Vodafone backs out of deal to sponsor West Ham's London Stadium home
British telecoms firm Vodafone has pulled out of a £20million deal to sponsor West Ham's London Stadium home.
The company has been in talks with the stadium's owners, the London Legacy Development Corporation (LLDC), for at least six months and the decision to walk away is a huge blow to the business plan for what was the centrepiece of the London Olympics.
A spokesman for Vodafone told Press Association Sport he could "confirm there are no plans to sponsor the London Stadium".
This news comes on the same day Vodafone has announced annual losses of £5.2billion, largely because of problems with its Indian operations, although earnings in the UK also fell 15.8% as a result of falling sales and the pound's fall in value since the Brexit vote.
It also comes three weeks after officials from HM Revenue and Customs (HMRC) dramatically raided West Ham's offices at the stadium as part of a wide investigation, which also involved Newcastle, into allegations of tax evasion.
However, sources at Vodafone and West Ham are dismissing suggestions this played any part in the sponsorship decision, while Vodafone also denies its financial losses are a factor.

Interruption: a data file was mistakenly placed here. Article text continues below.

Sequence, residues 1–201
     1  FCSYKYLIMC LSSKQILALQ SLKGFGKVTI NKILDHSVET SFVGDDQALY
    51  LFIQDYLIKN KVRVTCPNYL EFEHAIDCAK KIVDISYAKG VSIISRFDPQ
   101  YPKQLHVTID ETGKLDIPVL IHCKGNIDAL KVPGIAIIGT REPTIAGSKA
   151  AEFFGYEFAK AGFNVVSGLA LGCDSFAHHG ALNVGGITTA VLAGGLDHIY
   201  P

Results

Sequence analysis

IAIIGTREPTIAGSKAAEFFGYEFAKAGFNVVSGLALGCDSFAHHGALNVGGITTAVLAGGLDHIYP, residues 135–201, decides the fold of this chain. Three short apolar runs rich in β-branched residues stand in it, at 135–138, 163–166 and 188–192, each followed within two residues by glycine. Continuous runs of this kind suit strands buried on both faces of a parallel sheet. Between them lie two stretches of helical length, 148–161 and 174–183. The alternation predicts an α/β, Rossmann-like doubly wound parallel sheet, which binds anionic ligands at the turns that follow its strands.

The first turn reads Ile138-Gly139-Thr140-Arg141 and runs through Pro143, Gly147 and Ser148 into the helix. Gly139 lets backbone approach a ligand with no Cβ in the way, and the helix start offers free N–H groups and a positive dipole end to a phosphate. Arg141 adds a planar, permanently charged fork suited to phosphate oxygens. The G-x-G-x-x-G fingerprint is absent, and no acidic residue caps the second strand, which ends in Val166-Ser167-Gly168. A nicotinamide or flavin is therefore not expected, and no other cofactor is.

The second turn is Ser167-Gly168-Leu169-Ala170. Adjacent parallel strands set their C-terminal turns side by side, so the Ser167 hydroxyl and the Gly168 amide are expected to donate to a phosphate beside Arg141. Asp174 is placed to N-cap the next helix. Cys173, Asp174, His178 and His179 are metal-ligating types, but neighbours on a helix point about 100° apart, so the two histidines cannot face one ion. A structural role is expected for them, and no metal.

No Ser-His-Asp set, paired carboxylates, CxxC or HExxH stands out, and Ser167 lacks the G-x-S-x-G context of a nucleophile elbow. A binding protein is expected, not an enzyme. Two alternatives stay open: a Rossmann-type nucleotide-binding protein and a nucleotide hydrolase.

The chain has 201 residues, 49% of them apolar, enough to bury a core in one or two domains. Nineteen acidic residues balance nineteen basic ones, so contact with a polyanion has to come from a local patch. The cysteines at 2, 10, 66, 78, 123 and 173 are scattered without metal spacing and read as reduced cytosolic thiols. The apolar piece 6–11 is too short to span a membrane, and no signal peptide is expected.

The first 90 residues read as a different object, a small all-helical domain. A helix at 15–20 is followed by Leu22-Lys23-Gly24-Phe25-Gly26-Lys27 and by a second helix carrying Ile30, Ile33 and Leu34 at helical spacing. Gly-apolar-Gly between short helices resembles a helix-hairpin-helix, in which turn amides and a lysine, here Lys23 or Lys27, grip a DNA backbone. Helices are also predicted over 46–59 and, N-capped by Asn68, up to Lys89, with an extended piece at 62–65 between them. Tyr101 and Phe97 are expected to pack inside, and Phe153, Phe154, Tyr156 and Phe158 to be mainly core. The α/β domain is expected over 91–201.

PA Sport understands Vodafone has made this decision on marketing grounds, having decided the range of events at the Stratford site is not attractive enough.
The World Athletics Championships will be staged there in August but there are clear limits as to how much benefit a venue sponsor can gain from that, given the International Association of Athletics Federations' own commercial relationships.
The stadium is also hosting concerts by Depeche Mode, Guns N' Roses and Robbie Williams this summer but having a Premier League club as an anchor tenant clearly limits the number of different events the venue can stage.
Vodafone's U-turn will deeply concern LLDC as this is the second time a company has backed out of a naming-rights deal at the 11th hour, following Indian conglomerate Mahindra last year.
The £700million stadium has been dogged by negative headlines about its expense for almost a decade, and last year London mayor Sadiq Khan ordered a review into the spiralling costs of converting it from an athletics arena into a multi-purpose venue with football at its heart.
It had been hoped that Vodafone's backing would provide the clearest signal the 80,000-seat venue could sustain itself financially.
Because of the terms of tenancy arrangement with LLDC, West Ham were unlikely to see any direct financial benefits from the proposed Vodafone deal, as the owners take the first £4million a year from any naming-rights contract.
That said, the deal would have provided an indirect boost after a difficult first season at the Olympic venue for the Premier League club, with bouts of crowd trouble and indifferent form.
Vodafone was also understood to want to showcase its technology by upgrading the stadium's digital connectivity.